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The EU just pummeled Big Tech again: Here are the newest rules

If we were in charge of a giant tech corporation, we'd be going through these measures with a fine-toothed comb.
By
July 5, 2022
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Robert Triggs / Android Authority
TL;DR
  • The EU just passed the Digital Services Act and Digital Markets Act.
  • Both acts focus on reigning in Big Tech’s power while simultaneously giving more power to the consumer.
  • Among other changes, the Services Act could bring interoperability to messaging apps.

When it comes to keeping Big Tech in check, the European Union does most of the heavy lifting. Recently, the EU forced Apple’s hand in adopting USB-C on iPhones, and the protections we have under the General Data Protection Regulation (GDPR) are all thanks to the EU.

Today, the EU slammed down two more measures: the Digital Services Act and Digital Markets Act. Both acts are directed specifically toward huge tech firms, such as Google, Apple, Amazon, and Microsoft. Although the acts differ slightly, they both focus on stripping power from Big Tech and giving it back to the general consumer.

Here’s the gist of each measure.

Digital Markets Act

This act is all about preventing huge firms from abusing just how huge they are. As an example, Google was caught giving its own shopping platform preference in Google Search when compared to other third-party services. The Digital Markets Act would make that punishable by heavy fines.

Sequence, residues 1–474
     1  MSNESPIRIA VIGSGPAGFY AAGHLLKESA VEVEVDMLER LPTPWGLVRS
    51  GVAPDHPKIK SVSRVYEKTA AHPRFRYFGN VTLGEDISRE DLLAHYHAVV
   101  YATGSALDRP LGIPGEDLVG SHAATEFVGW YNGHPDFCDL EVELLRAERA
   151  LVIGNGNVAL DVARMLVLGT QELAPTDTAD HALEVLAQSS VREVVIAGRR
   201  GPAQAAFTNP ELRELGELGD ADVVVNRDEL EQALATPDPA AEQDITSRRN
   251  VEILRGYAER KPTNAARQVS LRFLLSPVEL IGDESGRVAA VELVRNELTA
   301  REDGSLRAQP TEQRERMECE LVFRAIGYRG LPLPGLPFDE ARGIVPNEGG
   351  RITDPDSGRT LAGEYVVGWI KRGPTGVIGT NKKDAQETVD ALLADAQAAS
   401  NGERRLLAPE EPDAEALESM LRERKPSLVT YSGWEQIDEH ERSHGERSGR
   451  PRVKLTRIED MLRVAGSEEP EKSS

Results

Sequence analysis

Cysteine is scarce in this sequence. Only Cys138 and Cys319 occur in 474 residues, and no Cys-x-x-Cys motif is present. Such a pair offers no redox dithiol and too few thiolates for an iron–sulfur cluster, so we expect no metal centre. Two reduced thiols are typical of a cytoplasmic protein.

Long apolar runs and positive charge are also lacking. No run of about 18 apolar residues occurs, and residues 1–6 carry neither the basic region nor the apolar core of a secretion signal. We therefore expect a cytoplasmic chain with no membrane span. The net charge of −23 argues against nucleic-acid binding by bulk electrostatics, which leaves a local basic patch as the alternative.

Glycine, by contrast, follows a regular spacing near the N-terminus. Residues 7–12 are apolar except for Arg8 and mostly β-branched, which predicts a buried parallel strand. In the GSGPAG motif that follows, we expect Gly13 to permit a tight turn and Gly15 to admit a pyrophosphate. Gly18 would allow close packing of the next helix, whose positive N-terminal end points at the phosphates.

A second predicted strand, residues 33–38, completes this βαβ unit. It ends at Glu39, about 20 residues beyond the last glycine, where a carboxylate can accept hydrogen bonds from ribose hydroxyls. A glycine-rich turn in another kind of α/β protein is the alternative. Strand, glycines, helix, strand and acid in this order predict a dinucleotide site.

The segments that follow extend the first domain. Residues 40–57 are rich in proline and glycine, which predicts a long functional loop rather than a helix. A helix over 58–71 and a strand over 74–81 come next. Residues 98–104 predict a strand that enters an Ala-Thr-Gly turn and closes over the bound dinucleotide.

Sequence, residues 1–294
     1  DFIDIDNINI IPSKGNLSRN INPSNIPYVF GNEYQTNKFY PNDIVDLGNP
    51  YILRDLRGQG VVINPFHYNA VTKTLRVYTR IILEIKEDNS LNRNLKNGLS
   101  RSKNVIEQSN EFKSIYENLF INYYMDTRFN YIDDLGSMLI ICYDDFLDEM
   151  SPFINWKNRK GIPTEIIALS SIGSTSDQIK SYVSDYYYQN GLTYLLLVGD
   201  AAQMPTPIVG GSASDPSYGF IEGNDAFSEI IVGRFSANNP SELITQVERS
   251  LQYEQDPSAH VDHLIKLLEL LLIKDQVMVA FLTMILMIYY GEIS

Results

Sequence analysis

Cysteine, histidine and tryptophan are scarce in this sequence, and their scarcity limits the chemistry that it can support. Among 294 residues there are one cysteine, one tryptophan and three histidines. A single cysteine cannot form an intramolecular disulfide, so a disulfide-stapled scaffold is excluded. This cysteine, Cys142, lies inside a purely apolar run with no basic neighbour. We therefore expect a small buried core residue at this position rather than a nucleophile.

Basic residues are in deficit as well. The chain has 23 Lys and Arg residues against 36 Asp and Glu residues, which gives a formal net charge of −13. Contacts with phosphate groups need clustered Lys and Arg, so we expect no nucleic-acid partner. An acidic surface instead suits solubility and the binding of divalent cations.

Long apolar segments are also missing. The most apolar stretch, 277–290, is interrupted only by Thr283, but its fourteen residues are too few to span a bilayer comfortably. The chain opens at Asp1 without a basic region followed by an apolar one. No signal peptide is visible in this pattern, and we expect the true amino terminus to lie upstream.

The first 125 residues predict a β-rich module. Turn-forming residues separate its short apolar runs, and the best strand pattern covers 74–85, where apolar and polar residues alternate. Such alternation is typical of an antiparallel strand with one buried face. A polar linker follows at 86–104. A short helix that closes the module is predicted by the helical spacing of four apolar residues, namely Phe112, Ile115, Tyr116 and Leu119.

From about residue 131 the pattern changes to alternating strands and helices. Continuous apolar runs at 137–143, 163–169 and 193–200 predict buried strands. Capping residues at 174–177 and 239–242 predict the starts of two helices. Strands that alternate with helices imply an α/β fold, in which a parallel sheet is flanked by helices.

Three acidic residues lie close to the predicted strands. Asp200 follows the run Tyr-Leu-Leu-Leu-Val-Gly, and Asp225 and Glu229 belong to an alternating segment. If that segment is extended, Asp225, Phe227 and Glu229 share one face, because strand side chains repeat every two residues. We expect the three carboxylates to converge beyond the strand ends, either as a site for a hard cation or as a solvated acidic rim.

The DMA also mandates large firms work better with smaller firms. Theoretically, depending on how lawyers interpret these bills, this could mean interoperability between chat services. For example, this could force Apple to make iMessage work with Facebook Messenger. However, the language here is somewhat vague, so it’s unclear how seriously companies would need to take that.

Finally, the DMA also allows third-party platforms to bypass larger platforms when communicating with users. As an example of how this could be beneficial, imagine you are using an Android app downloaded through the Google Play Store. If the developer of that app wants to try to sell you something, the dev could reach out to you directly, rather than be forced to go through Google.

Digital Services Act

The Digital Services Act is mostly focused on large firms with social networks or social aspects to their products. In one area, the DSA pushes companies to be more aggressive with content moderation, including stemming the flow of misinformation.

Elsewhere, the DSA requires companies to prevent the sale of illegal or unsafe products on their respective platforms.

The Digital Services Act also gives more power to the people. It prevents companies from using sensitive personal information for ad-tracking purposes. It also prevents the ad-tracking of children. You will also get to find out why an algorithm delivered you a certain advertisement as well as reasonably contest it if an algorithm removes a piece of content you created.

When and how will these be enforced?

The Digital Markets Act and Digital Services Act will begin to be enforced by the EU in 2024. Should regulators discover a firm is not complying with these acts after that time, it could levy huge fines in the sum of up to 10% of a company’s worldwide revenue from the prior year. Google’s revenue in 2021 was $257 billion, so a fine from these acts would be as high as $25 billion. That’s something Google, Apple, and other Big Tech players can’t ignore.